Hippies, tanks, and Jeez: why Jesus Christ Superstar is a film worthy of your time

Ana Leorne
7 min readMar 31, 2021


Spoiler alert: he dies at the end.

I was raised a Catholic. Coming from the North of Portugal, it was almost inevitable, even though my parents — having always taught me the importance of questioning everything (which gave me my fair share of problems at school) — never forced religion on me: we’d never go to church (at least during service) and in spite of them having put me in a Catholic school (which was oddly very belief-free, since I even had Hindu girls in my class), it happened mainly due to the quality of the education I would be receiving. Nevertheless, I always found religion(s) fascinating, and eventually created my own system of spiritual beliefs that included stuff borrowed from Paganism (Celtic heritage is also a very strong influence in the North of Portugal), Buddhism, and some details of Christianism — at least for the “do to others what you’d have them to do unto you” part, which I always found a good motto to live by.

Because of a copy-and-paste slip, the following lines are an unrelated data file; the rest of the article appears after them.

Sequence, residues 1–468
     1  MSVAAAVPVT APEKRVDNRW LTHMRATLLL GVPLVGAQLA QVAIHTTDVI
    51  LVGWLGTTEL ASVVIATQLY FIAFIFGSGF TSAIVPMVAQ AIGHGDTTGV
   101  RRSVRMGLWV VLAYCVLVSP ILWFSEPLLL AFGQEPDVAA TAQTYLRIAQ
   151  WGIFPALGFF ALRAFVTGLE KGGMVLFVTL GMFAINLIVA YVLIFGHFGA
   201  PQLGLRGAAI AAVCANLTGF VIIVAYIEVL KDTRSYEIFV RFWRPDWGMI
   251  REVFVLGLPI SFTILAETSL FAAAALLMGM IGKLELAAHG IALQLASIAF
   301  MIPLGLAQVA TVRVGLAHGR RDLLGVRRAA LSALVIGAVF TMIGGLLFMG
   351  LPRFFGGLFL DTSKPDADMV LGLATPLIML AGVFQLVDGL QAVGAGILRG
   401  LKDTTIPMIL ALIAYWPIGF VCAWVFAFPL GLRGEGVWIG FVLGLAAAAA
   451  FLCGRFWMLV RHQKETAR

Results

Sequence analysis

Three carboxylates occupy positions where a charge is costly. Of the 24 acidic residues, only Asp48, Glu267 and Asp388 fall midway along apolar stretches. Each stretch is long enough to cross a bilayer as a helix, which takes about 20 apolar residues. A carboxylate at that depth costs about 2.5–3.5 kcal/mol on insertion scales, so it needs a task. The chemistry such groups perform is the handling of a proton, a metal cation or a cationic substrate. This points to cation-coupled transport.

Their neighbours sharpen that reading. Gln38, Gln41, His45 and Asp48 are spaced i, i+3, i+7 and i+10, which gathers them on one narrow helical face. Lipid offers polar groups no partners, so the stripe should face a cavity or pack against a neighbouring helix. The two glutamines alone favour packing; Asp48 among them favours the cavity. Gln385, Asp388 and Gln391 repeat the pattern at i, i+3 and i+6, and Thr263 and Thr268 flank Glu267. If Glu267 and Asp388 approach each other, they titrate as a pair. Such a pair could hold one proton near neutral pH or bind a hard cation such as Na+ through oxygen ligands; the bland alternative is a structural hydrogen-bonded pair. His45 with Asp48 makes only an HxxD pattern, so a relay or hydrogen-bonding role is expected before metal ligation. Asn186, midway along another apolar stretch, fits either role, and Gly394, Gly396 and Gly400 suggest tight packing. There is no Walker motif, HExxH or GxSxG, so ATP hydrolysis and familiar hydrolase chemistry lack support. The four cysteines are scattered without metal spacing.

Whatever one’s beliefs, Bible-related films were pretty much unavoidable during Christmas, and especially Easter. I never had the patience for Cecil B DeMille epics like The Ten Commandments, but I vividly remember the first time I watched Jesus Christ Superstar. I was a seven-year-old with an already huge fascination with all things music, and from beginning to end my jaw just dropped. Sure, the catchy songs were the main culprit for my absolute and immediate surrender, but over the years I’ve rewatched it over and over again, bought the soundtrack, and as I grew older and more aware of film and music history, I’d always end up finding yet another detail that would knock me to the ground.

Let’s get a couple of things clear: one, is that I’m not by any means an Andrew Lloyd Webber fan. I hate most of his work, and though I consider myself to be a musical/rock opera enthusiast (I starred in a professional production of Rent with a West End director some years ago), most of his stuff people usually get excited about — Evita, The Phantom of the Opera, even Cats — just makes me yawn. The other is that I’m talking about the 1973 version directed by Norman Jewison, with music conducted by André Prévin — not the disgraceful direct-to-video 2000 remake.